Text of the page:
If Turkish President Recep Tayyip Erdogan believes he can bully European leaders by provoking a fresh migrant crisis in southern Europe, then he would be well-advised to think again. (Photo by Adem Altan/AFP via Getty Images)
If Turkish President Recep Tayyip Erdogan believes he can bully European leaders by provoking a fresh migrant crisis in southern Europe, then he would be well-advised to think again.
Ankara's announcement that it is once again opening the floodgates to allow millions of refugees from Syria's brutal civil war to travel to south-eastern Europe in search of refuge has been taken to persuade European leaders to back Turkey's increasingly desperate situation in Syria.
Having launched an ill-considered military offensive against the Assad regime in northern Syria, Mr Erdogan now finds himself facing the consequences of his action, with regime forces, backed by Russia and Iran, waging a highly effective campaign against the Turks, which has so far resulted in the deaths of scores of Turkish troops.
In addition, Turkey's decision to deploy thousands of troops to Idlib province in northern Syria has resulted in a fresh wave of refugees fleeing across the border into southern Turkey, where Turkish officials are already struggling to cope with the estimated four million Syrian refugees that have already sought sanctuary in the sprawling refugee camps.
One of the main reasons that Mr Erdogan now finds himself facing this difficult predicament is that he has badly underestimated the nature of his relationship with Russian President Vladimir Putin.
When Turkey took the controversial decision last year to purchase Russia's state-of-the-art S-400 anti-aircraft missile system, Mr Erdogan calculated that it would herald new era of friendly cooperation with Ankara's long-standing rival in Moscow even if, by pressing ahead with the deal, the Turks risked jeopardising their relationship with NATO, which bitterly opposed the deal.
There was certainly an expectation in Ankara that improved relations with Moscow would result in better cooperation between the two countries on the post-conflict settlement in Syria, especially regarding Turkey's desire to establish a safe zone in northern Syria.
Yet, as the recent escalation in fighting has demonstrated, the Russians' main priority is to support the Assad regime in its attempts to regain control of the last remaining rebel stronghold in northern Syria. Thus the Russians now find themselves in a direct confrontation with Turkish forces in Idlib province, where the Turks are trying to protect a number of Islamist militias committed to overthrowing the Assad regime.
If the current crisis facing Turkey is entirely of Mr Erdogan's own making, that has not prevented the Turkish president from trying to deflect attention away from his own mishandling of the conflict by seeking to provoke a new migrant crisis in Europe.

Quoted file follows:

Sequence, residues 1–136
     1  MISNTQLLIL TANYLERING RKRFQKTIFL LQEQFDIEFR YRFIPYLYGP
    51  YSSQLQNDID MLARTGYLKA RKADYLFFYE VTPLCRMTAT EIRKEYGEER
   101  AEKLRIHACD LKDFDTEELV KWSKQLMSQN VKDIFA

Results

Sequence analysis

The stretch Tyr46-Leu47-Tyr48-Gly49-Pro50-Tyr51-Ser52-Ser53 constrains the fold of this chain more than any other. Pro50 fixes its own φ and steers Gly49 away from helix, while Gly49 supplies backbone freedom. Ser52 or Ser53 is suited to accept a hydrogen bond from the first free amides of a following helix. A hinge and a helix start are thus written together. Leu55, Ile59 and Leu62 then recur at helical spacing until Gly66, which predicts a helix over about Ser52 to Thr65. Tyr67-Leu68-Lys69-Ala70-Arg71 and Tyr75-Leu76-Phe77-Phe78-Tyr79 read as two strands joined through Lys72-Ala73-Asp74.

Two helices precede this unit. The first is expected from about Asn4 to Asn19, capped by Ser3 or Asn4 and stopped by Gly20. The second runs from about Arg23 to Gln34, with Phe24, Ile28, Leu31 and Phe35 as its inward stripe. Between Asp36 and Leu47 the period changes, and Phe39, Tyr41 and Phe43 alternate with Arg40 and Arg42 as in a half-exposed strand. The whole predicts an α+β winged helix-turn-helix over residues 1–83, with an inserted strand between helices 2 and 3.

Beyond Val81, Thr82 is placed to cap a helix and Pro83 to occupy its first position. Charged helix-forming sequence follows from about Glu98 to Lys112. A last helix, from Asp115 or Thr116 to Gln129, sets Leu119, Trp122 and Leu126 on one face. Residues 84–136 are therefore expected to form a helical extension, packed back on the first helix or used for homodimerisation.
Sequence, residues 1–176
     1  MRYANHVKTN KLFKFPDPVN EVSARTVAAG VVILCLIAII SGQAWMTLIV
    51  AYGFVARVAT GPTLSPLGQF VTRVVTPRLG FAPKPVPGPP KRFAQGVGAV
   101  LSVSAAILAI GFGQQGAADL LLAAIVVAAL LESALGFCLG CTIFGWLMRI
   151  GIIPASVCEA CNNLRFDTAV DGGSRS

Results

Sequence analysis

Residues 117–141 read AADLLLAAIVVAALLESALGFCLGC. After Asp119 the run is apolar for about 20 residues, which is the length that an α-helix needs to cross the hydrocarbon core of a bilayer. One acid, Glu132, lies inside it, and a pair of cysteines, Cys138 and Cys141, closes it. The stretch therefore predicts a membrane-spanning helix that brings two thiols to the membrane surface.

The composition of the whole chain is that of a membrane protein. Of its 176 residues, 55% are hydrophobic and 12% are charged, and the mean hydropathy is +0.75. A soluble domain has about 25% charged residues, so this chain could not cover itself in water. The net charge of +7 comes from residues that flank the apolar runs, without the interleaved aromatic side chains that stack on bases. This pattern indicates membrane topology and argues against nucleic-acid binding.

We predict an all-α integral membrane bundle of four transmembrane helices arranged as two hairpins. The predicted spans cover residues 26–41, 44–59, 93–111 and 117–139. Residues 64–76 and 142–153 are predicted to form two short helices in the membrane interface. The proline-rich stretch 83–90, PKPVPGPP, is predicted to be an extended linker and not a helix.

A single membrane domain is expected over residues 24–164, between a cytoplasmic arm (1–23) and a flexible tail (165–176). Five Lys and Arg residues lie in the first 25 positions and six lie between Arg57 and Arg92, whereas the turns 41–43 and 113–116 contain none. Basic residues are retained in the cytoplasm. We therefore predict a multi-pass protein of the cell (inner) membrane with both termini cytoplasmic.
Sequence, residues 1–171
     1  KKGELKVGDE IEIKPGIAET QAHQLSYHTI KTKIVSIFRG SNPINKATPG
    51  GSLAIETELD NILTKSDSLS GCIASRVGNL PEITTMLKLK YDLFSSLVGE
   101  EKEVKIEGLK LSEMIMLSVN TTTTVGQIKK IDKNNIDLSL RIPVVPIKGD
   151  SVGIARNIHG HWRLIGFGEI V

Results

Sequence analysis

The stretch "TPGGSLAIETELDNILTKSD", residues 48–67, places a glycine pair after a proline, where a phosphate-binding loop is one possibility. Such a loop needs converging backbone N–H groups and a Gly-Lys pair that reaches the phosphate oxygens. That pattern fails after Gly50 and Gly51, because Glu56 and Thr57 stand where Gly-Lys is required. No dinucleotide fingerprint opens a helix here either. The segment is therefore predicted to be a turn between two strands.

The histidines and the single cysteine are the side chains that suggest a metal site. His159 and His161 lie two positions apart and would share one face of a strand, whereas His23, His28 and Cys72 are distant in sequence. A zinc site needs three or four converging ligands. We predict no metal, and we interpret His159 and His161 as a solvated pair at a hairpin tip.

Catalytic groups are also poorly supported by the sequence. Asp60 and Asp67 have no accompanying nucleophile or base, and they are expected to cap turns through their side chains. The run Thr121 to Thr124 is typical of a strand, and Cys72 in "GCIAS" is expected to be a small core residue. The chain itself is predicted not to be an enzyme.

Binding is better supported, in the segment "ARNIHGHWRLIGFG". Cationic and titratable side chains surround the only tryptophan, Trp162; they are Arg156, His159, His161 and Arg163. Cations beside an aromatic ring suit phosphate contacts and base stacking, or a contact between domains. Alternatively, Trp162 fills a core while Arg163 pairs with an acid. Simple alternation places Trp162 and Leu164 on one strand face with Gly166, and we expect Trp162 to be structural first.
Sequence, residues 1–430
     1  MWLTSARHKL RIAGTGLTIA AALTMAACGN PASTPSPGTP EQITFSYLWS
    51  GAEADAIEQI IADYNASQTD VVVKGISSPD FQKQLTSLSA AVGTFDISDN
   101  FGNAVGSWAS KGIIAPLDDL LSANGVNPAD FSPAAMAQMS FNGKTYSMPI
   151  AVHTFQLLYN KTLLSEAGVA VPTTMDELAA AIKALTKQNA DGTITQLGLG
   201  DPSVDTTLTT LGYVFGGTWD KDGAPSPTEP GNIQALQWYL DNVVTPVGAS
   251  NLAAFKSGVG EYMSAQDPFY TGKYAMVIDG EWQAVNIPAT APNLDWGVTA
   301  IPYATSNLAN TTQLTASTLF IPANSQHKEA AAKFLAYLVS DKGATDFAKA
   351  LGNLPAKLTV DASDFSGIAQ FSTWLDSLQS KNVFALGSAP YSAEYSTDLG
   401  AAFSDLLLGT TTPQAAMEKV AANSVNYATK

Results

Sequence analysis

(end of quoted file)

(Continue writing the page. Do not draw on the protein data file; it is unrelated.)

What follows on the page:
Mr Erdogan used this tactic to great effect five years ago when, in response to Turkey's decision to allow more than a million Syrian refugees to travel to Europe, he succeeded in persuading the European Union to pledge six billion euros to Ankara in return for allowing the refugees to remain on Syrian soil.
Yet, to judge by the initial response from European leaders to Mr Erdogan's latest attempt to blackmail them, it seems that, this time around, the Turkish leader's ploy is unlikely to deliver the desired result.
For a start, a meeting of NATO ambassadors called last week to discuss the increasingly vulnerable position of Turkish forces in Syria ended with expressions of sympathy for the Turks, but little else. Other NATO member states are simply not interested in getting involved in a conflict that might result in them being involved in a direct military confrontation with Moscow.
Mr Erdogan is also about to discover that there has been a hardening of attitudes among European leaders about dealing with unwanted migrants since the Turkish leader last used his blackmail tactics five years ago.
At a meeting of EU ambassadors this week to discuss the migrant crisis, officials expressed their outrage at Ankara's behaviour.
Nor can Mr Erdogan expect any support from Germany, where German Chancellor Angela Merkel responded to the last migrant crisis by opening Germany's doors to an estimated one million refugees, a decision that seriously undermined her political popularity.
These days, senior politicians in Mrs Merkel's centre-right Christian Democrats take a more hard-nosed approach to the migrant issue, with one senior party member warning the migrants this week, "There is no point coming to Germany. We cannot take you in."
Europe might have fallen for Mr Erdogan's bully-boy tactics in the past. But all the evidence from the latest migrant crisis suggests they are not about to do so again.
Con Coughlin is the Telegraph's Defence and Foreign Affairs Editor and a Distinguished Senior Fellow at Gatestone Institute.